Cited in EmpowerHer – Living Happily Without Gluten, National Celiac Disease Awareness Day

empowherLiving Happily Without Gluten,

September 13th was National Celiac Disease Awareness day, and I was contacted to comment about how living without gluten can be a major life adjustment. Turns out, it is very possible to live happily without gluten. To read the full article By Rheyanne Weaver, Click HERE.

Alicia Clark, a licensed clinical psychologist, said in an email that she has a daughter with celiac disease.

“At a time when most of us would reach for our favorite comfort carb, celiac patients have to resist and instead bid farewell forever,” Clark said. “This adjustment is extremely challenging for patients and families alike.”

She said that it’s perfectly normal for people who just received a diagnosis of celiac disease to feel sad, scared and “out of sorts,” because it requires a major life adjustment.

“Try at the same time to focus on the positive aspects of the situation,” Clark said. “For example, the relief you feel of finally having an answer, having a solution, and a non pharmacological treatment.”

Patience is key, since habits take about a month to form, and it can be tough to completely clean out your kitchen, learn new recipes, and find new restaurants.

“Change is hard, but not impossible if you break it into small pieces, build structure, ask for helpful support from family and friends, and stick with it,” Clark said. “One day at a time.”

She said that after about six weeks if you’re still having some issues coping, it could be beneficial to work with a mental health professional.

“If all this seems like too much, take heart but also take action,” Clark said.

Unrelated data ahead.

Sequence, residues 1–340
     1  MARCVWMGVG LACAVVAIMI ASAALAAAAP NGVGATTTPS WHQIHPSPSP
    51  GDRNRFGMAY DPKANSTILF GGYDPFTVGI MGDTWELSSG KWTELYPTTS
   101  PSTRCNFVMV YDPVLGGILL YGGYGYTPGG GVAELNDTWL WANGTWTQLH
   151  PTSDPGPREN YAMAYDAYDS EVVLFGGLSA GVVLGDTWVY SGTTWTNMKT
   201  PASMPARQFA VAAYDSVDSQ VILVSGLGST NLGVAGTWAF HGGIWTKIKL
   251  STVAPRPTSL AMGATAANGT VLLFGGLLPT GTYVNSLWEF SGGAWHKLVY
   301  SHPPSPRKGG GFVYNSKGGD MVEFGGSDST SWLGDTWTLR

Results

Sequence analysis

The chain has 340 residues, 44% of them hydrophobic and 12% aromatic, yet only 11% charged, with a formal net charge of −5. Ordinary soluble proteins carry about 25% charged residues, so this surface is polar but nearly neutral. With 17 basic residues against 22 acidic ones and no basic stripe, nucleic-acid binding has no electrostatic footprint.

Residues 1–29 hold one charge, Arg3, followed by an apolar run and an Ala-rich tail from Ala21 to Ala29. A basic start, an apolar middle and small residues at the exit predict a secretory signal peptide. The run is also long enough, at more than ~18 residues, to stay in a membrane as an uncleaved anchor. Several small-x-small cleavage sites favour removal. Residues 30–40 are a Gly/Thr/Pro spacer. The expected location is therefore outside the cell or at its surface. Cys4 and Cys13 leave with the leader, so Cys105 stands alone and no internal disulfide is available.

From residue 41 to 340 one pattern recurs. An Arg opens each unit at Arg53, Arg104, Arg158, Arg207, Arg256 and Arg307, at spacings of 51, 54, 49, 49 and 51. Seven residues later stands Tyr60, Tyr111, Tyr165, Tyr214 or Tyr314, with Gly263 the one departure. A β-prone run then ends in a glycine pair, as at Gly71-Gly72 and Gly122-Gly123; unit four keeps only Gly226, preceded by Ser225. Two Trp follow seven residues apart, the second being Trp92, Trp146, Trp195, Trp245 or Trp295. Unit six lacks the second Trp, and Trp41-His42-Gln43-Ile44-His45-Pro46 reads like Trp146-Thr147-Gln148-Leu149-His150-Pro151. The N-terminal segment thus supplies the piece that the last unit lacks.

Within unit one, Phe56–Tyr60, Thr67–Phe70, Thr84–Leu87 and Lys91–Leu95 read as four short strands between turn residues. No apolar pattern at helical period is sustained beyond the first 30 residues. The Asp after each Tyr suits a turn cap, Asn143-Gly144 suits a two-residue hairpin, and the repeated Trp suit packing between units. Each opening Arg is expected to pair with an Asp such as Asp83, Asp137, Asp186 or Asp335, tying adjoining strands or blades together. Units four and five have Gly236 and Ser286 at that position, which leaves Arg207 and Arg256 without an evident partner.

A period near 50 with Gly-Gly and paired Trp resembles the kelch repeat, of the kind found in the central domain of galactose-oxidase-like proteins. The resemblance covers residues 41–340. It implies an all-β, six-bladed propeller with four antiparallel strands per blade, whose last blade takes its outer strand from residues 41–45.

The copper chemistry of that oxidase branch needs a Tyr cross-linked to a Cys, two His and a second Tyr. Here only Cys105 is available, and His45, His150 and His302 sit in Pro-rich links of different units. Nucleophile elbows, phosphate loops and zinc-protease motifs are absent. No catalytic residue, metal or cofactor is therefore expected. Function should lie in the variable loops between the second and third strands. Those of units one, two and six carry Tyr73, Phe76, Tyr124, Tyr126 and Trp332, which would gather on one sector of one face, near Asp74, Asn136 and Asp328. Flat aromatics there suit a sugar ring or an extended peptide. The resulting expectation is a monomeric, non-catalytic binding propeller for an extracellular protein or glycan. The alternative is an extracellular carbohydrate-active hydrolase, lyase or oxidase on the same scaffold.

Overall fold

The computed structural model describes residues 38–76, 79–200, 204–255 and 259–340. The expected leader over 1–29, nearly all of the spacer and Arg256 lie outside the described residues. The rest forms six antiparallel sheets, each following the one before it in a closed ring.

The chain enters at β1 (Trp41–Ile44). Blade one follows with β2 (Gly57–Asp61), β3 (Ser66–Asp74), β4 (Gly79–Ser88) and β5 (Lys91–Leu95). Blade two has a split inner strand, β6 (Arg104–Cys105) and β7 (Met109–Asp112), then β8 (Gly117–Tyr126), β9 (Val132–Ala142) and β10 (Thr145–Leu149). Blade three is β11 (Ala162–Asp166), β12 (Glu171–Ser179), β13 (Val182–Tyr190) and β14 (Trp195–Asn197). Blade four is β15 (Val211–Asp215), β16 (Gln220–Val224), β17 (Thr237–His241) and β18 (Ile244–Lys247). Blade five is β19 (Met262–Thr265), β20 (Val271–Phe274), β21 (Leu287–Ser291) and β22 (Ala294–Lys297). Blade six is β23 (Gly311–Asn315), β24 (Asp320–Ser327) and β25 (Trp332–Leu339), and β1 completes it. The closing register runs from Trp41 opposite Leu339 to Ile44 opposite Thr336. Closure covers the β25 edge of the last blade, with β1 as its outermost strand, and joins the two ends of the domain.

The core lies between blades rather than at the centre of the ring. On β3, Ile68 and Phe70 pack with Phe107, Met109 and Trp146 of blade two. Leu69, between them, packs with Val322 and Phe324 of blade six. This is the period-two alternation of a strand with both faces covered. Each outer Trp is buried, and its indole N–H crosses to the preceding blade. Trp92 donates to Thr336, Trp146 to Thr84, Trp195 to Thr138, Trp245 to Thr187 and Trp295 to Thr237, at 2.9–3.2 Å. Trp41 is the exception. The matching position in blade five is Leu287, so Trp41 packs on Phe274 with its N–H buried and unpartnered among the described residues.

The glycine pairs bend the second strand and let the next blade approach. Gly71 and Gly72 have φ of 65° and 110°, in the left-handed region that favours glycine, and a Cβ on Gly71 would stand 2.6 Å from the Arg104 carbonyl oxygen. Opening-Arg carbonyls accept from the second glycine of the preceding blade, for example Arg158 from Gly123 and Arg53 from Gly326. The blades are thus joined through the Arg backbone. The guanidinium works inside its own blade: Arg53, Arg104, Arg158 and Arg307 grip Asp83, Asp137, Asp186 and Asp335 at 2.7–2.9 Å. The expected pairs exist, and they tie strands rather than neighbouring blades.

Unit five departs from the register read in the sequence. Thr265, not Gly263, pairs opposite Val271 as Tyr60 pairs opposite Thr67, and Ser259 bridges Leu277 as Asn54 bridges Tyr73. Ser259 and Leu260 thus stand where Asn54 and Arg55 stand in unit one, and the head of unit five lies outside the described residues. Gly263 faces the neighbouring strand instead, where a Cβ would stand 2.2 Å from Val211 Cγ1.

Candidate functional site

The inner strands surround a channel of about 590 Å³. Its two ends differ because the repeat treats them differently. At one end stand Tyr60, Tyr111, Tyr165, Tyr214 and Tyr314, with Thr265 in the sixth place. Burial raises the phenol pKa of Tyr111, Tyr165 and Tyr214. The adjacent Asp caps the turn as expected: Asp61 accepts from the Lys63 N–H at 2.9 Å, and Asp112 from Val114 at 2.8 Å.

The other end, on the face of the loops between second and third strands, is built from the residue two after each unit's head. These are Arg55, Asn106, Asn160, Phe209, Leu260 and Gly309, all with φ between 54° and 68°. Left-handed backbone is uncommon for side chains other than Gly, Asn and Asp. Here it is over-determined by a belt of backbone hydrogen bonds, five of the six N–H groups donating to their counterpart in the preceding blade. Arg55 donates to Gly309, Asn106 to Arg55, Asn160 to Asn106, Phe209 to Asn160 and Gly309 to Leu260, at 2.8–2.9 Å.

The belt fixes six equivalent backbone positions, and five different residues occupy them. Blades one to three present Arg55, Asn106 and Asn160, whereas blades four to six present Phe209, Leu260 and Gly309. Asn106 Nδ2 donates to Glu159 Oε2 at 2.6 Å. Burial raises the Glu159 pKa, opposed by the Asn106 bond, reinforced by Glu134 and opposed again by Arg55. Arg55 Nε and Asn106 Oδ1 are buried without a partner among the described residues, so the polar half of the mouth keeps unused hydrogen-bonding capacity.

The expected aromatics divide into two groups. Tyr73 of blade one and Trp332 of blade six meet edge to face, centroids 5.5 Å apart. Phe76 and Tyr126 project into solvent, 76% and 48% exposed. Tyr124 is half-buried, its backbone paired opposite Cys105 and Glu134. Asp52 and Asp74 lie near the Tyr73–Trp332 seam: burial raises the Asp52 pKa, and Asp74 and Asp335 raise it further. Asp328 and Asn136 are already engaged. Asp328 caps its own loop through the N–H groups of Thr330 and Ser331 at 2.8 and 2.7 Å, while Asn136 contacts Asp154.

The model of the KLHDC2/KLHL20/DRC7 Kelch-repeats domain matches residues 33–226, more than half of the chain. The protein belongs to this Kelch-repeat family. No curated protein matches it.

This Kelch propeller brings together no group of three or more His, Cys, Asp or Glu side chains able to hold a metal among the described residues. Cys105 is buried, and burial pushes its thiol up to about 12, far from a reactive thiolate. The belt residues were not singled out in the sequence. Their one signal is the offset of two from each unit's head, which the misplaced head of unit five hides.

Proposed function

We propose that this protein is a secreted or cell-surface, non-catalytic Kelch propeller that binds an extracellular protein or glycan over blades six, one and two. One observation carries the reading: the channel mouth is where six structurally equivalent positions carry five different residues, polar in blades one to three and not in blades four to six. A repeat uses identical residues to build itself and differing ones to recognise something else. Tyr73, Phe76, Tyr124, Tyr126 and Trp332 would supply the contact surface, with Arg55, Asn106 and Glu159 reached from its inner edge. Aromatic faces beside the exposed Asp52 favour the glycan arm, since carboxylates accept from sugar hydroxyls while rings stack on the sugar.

“Not only will the diet likely improve your mental health symptoms over time, but just the simple act of taking charge and taking action builds resiliency and self-esteem.”

The 13-year-old daughter of Alicia Clark, said in an email that it was disheartening for her to learn of her diagnosis, since all of her favorite foods contained gluten.

She found out she had the condition after she broke her back, was unable to stay focused in class and felt fatigued. Her mother took her to the doctor and had her get a blood test, which started the diagnosis process.

“I was so upset after I found out that I went downstairs, told myself it was all in my head, and had a regular brownie,” Clark’s daughter said. “But I was just hurting myself.”

She said her parents have helped her cope with the condition by being supportive and buying many gluten-free desserts so she could pick out her new favorites.

She has received support from family and friends, but she said her dog helped her cope a lot with her new diagnosis. Laughing also helps. She has also grown more positive about the condition, especially after finding that most of her favorite foods do have a gluten-free alternative.

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Alicia H. Clark, PsyD